You love baseball. Tim Kurkjian loves baseball. So while we await its return, every day we’ll provide you with a story or two tied to this date in baseball history.
ON THIS DATE IN 1925, Eddie Gaedel was born. He’s the shortest player (3-foot-7) to play in the major leagues — one at-bat for the 1951 St. Louis Browns. So, in his honor, we will celebrate little guys, short guys and little short guys.
Astros second baseman Jose Altuve is just under 5-foot-6. After he hit a home run over the train tracks in left-center field at Minute Maid Park in 2017, then-Astros coach Alex Cora told me Altuve is “pound-for-pound the strongest man in baseball.” Cubs outfielder Hack Wilson was 5-foot-6; he wore a size 5½ shoe. And he is a Hall of Famer, and his 191 RBIs in 1930 remain the record. Outfielder Wee Willie Keeler got 200 hits for eight consecutive seasons (1894-1901); he was 5-foot-4 and weighed 140 pounds. That, too, was the weight of Craig Grebeck, who wore No. 14 for the White Sox. So did hulking Kent Hrbek for the Twins. He once told Grebeck, “You should put a slash between the one and the four, and you’d be one-fourth!”
Red Sox second baseman Dustin Pedroia is actually only 5-foot-6½, with “the smallest hands I’ve ever seen on a baseball player,” said former Red Sox general manager Theo Epstein. Infielder Bip Roberts was so small (5’7”, 150 lbs.), Padres teammate Greg Booker once said, “we have baked potatoes back in North Carolina that are bigger than him.”
Outfielder Albie Pearson won the AL Rookie of the Year at 5-foot-5, 140 pounds. Royals shortstop Freddie Patek was 5-foot-4, but he hit three homers in one game at Fenway Park. White Sox shortstop Harry Chappas was 5-foot-3, a sawed-off switch-hitter. There are more than 30 Hall of Fame position players under 5-foot-10, including Mel Ott, Kirby Puckett, Yogi Berra and Joe Morgan.
And then there are the short pitchers. Bobby Shantz won the AL MVP in 1952 at 5-foot-6. He and Tim Collins are the only pitchers under 5-foot-7 to pitch in a World Series game. “No one believes I’m a baseball player,” Collins said. “If I convince them, they can’t believe I’m a pitcher.”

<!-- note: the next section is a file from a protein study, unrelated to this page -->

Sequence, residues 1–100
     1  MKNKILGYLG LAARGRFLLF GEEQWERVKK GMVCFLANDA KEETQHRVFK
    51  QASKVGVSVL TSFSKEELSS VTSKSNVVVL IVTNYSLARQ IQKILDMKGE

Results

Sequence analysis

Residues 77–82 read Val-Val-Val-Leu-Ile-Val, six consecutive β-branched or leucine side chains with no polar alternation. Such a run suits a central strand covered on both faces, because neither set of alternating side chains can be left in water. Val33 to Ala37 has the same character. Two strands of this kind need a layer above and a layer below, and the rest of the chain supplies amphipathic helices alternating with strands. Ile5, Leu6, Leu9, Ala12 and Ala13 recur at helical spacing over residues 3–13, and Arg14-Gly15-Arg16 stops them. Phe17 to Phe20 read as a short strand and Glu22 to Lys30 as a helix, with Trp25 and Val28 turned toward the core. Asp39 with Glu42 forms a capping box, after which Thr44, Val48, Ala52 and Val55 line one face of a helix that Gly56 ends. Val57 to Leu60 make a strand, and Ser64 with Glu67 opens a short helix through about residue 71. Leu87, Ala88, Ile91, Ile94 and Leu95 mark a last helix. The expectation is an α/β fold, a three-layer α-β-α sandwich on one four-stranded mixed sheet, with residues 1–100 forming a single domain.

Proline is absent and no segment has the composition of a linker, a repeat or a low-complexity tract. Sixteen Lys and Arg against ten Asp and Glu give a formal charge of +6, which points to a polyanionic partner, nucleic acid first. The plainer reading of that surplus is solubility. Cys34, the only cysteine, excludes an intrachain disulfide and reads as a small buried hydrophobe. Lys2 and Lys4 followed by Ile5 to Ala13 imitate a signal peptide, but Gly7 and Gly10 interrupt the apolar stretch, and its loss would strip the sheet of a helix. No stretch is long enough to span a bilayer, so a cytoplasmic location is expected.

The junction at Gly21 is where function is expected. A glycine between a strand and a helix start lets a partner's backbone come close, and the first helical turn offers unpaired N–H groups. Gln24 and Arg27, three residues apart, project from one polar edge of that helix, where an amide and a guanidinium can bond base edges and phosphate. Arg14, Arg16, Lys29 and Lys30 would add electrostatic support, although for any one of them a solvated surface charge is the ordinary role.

Pedro Martinez weighed 138 pounds and threw 93 mph when he was in rookie ball. Tim Lincecum won two Cy Young Awards and weighed less than 160 pounds. The first time 6-foot-10 Randy Johnson met new teammate Billy Wagner, he said, “He’s at least a foot shorter than me, and he throws harder than I do.” Pitcher Dan Boone told me he weighed 140 pounds when he made a brief comeback as a knuckleball pitcher in 1990 with the Orioles. He is a direct descendant of Daniel Boone. When asked how brave Daniel Boone must have been, Boone said, “but I don’t know if he had the courage to throw a knuckleball on 3-2 with the bases loaded.”
And then there’s left-hander Daniel Herrera, who pitched in 101 innings in the major leagues from 2008 to ’11. He told me he was 5-foot-6, 145 pounds.
“The first time I saw him was during the week of the Kentucky Derby,” said former Reds teammate Adam Dunn. “We just figured he was going to have to leave the team that Saturday to go ride one of the horses.”
Herrera has heard and seen all the short jokes.
“The best one was in 2010,” he said. “I was in [Triple-A] Louisville. One of our catchers, Albert Colina, who is a really big guy, picked me up and put me in his lap as he sat in the bullpen. Then he stuck his arm inside my jacket, and up my back. Whenever I would talk, he would move his lips. Everyone was cracking up. He was the ventriloquist. I was the puppet.”
Other baseball notes for June 8
In 2010, Stephen Strasburg made his major league debut. He became the first pitcher to strike out 14 and walk zero in his major league debut.
In 1996, LSU’s Warren Morris became the only player ever to end the College World Series with a walk-off home run. He was hitting ninth that day, and he hadn’t hit a home run all season, in part because of a wrist injury that caused him to miss 39 games. He played in the major leagues from 1999 to 2003.
In 1944, Mark Belanger was born. He was one of the greatest defensive shortstops of all time. He used to work in a ski shop in Pittsfield, Massachusetts, in the offseason because he didn’t make enough money playing baseball. In 1980, when he was still with the Orioles, I asked him if I could try on his glove. “I would kill you before I would let you do that,” he said. I don’t think he was serious.